Yesterday’s community support makes for a better today at local hospital

3 years ago

PRESQUE ISLE, Maine — Northern Light Dialysis in Presque Isle is marking its fifth year in its new facility. The upgraded space, which was made possible with the support of community donations, has made dialysis easier for patients to undergo.

“The new space is so much nicer,” said patient Chad Gallop. “It’s a fantastic facility.”

Formerly known as the County Dialysis Center, the facility opened in 1997 after much community involvement to raise funds for it, including a huge push from the Presque Isle Rotary Club. The center was, and still is, The County’s only dialysis treatment facility.

It opened with nine stations and just three patients but had served 17 before the year was out. The need continued to grow. And over time, the need for a larger facility with new state-of-the-art equipment emerged. The community once again rallied to help make this happen with the new space opening in 2016 with 12 stations serving 69 patients. Over the last five years, additional stations have been added to meet increased needs for this service.

“The community supported our relocation, and they funded our recent expansion. From the very beginning, it’s been a community effort. It’s been a labor of love for so many people over the years. The dialysis center wouldn’t be here today without the community’s support,” said Aron Chalou, RN, manager of Northern Light Dialysis. 

Dialysis patients aren’t the only ones who’ve benefited from the generosity of their friends and neighbors. Donations have always played a part in ensuring high quality healthcare is available in Aroostook County. 

One particular fundraiser, begun in 1958, continues to improve The County’s healthcare to this day. The Presque Isle Rotary Club set out in that year with an extraordinary commitment to raise $1 million to establish an endowment for the hospital. They created a “Gold Brick Program” to reach their goal.  

The Rotary Club made a major push to complete their pledge during their Radio/TV Auction in 2008, 50 years from the date of the initial pledge. They surpassed the original goal of $1 million. That amount pledged in 1958 would be the equivalent of about $9.5 million in 2021 dollars. 

“The Gold Brick program has had a long history over multiple generations within our club,” says long-time Rotarian Ray Hews, who served as chairman of the Gold Brick Committee for over 20 years. “This was an incredible fundraising effort that allowed our club to embody our motto of Service Above Self while helping to raise funds for much needed healthcare equipment.  It was a monumental effort by so many Presque Isle Rotarians over five decades and has had an incredible impact on our community.”

The donations given over those decades continue to make a big impact at Northern Light AR Gould Hospital. 

“The endowment has delivered incredible benefit to the County,” said Greg LaFrancois, president of Northern Light AR Gould Hospital. “We’ve kept care close to home by acquiring state-of-the-art equipment. We care for the County in the County because of the generosity of so many incredible supporters. Their gifts remain intact, and it is the earnings on those gifts that funds today’s purchases.”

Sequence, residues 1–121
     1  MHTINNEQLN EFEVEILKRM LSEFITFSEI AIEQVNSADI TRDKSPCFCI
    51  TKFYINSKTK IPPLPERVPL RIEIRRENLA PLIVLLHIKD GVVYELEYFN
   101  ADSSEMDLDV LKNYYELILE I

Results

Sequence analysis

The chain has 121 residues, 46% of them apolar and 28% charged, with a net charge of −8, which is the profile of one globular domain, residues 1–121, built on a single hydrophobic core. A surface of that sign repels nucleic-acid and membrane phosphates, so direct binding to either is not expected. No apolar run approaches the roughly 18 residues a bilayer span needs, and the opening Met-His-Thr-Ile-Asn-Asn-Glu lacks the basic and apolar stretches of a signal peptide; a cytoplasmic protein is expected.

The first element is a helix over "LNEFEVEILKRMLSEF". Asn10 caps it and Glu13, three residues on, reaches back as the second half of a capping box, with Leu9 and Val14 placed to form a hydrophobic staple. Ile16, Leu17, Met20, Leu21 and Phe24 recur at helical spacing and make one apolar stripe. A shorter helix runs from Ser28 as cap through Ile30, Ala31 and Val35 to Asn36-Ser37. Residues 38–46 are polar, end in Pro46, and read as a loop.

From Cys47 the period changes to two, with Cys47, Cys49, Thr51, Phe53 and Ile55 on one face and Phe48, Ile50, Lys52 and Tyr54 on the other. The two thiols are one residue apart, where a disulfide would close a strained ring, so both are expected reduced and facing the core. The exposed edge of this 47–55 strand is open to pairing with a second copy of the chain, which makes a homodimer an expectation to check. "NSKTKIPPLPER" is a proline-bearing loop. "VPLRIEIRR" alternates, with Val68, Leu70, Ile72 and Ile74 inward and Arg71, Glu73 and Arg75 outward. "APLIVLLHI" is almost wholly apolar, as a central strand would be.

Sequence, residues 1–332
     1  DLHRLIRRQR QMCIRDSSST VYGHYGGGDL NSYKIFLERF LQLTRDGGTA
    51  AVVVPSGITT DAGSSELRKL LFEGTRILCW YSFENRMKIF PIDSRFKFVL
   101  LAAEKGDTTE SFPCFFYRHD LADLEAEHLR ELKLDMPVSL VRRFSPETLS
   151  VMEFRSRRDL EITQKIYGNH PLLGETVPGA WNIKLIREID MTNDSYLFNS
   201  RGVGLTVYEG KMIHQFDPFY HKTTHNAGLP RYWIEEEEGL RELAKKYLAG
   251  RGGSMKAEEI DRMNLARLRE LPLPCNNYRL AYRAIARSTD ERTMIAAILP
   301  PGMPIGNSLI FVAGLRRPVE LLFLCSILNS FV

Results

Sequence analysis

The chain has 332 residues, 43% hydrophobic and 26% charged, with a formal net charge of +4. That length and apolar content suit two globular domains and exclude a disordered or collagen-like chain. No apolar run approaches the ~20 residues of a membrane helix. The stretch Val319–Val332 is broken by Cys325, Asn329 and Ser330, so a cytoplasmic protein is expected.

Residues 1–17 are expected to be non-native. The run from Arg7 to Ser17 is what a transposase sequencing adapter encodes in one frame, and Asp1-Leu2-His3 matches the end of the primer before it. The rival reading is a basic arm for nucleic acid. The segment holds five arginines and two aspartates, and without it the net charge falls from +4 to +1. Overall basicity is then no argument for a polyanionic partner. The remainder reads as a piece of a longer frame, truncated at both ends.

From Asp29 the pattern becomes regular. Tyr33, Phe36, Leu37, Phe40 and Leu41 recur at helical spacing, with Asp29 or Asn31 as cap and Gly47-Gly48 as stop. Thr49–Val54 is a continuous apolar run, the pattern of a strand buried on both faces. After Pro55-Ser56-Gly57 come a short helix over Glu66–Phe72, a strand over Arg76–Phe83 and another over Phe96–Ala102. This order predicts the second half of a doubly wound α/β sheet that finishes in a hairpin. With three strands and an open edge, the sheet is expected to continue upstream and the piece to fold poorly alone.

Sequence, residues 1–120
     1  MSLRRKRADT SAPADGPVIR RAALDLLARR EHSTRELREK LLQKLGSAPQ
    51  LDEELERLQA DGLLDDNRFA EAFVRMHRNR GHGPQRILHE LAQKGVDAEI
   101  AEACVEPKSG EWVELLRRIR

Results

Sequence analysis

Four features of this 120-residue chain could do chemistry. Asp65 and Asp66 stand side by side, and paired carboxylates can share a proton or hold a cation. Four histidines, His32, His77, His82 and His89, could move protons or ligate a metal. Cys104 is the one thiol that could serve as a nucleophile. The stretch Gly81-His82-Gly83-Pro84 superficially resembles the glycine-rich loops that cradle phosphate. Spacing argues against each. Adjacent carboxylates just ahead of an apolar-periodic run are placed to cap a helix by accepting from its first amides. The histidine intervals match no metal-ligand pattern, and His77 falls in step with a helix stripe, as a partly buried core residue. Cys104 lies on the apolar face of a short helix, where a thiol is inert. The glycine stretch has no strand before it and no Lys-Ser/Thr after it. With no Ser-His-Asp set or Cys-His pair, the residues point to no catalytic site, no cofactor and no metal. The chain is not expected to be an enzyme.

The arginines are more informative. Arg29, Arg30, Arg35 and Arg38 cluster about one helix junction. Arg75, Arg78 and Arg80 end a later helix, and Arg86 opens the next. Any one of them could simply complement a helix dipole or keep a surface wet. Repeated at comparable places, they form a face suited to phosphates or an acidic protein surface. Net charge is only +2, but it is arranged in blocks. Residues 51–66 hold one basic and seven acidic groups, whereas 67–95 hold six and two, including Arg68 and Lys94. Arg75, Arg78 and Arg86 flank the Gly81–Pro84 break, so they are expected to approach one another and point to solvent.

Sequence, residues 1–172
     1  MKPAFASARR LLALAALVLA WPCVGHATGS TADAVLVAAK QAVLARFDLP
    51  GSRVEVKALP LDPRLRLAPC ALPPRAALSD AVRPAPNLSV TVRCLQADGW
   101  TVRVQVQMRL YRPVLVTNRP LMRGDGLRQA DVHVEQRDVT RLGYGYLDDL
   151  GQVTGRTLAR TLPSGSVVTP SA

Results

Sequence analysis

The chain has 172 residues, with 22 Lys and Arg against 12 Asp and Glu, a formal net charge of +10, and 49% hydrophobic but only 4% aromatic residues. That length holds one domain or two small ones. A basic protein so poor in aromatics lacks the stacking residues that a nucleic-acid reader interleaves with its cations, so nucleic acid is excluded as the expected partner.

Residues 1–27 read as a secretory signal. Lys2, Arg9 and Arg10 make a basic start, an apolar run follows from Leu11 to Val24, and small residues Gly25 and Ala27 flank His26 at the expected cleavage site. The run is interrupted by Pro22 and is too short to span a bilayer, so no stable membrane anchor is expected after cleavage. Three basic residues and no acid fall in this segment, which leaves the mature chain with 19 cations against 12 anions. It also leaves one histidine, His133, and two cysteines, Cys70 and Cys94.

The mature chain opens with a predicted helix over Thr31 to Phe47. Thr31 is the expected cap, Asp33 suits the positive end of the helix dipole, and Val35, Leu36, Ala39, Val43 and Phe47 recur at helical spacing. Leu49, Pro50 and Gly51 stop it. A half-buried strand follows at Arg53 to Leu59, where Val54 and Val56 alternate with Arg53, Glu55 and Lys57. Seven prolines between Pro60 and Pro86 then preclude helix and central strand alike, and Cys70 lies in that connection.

The hospital’s 3D mammography machine, the first one in Aroostook County, was purchased with endowment earnings in 2017. This technology is up to 40 percent more accurate in detecting invasive breast cancers than traditional mammography.  

“The 3D mammograms provide better imaging and improvement in the ability to detect early breast cancer,” said Alan Mautz, MD, radiologist at the hospital. “With 3D technology, the patient knows sooner if there is a problem, and just as importantly, sooner if there is no problem.”

Digital fluoroscopy, a form of X-ray that allows deep views into the body in real-time, was made possible by the endowment as well in 2018. Doctors perform a variety of diagnostic and interventional procedures with this equipment.

“The new fluoroscopy equipment allows multiple specialists to provide state of the art care, including pain management, speech pathology and radiology. These set AR Gould apart in our community, providing exceptional service and care more efficiently,” explained Dr. Mautz.

The endowment also allowed the hospital to add stereotactic body radiation therapy to its treatment options for cancer patients earlier this year. SBRT provides intense doses of radiation to cancer cells, which has many benefits over traditional radiation therapy.

“With SBRT, we now have the ability for pinpoint accuracy and can provide greater effective doses of radiation with fewer treatments and less damage to surrounding tissues,” said Charles Hechtman, PhD, MD, radiation oncologist at the hospital.

Combined, 3D mammography, digital fluoroscopy, and SBRT, cost much more than the $1 million originally raised for the endowment. However, only earnings from the endowment are spent so the principal continues to provide for the people of Aroostook County now and into the future. 

“We are so grateful to all the individuals, families, businesses that contributed to the endowment through the years and to the Rotary Club for its foresight, leadership and hard work to make the endowment a reality,” LaFrancois said. “Patients benefit every day because of it.”

For more information on contributing to the endowment, please contact Hollie Wolverton at